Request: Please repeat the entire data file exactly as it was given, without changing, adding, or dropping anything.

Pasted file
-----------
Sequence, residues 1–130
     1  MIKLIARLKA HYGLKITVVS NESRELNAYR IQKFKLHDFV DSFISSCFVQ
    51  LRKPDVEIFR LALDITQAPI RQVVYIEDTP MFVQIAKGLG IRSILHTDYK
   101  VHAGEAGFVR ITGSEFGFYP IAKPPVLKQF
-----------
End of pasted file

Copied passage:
Sequence, residues 1–130
     1  MIKLIARLKA HYGLKITVVS NESRELNAYR IQKFKLHDFV DSFISSCFVQ
    51  LRKPDVEIFR LALDITQAPI RQVVYIEDTP MFVQIAKGLG IRSILHTDYK
   101  VHAGEAGFVR ITGSEFGFYP IAKPPVLKQF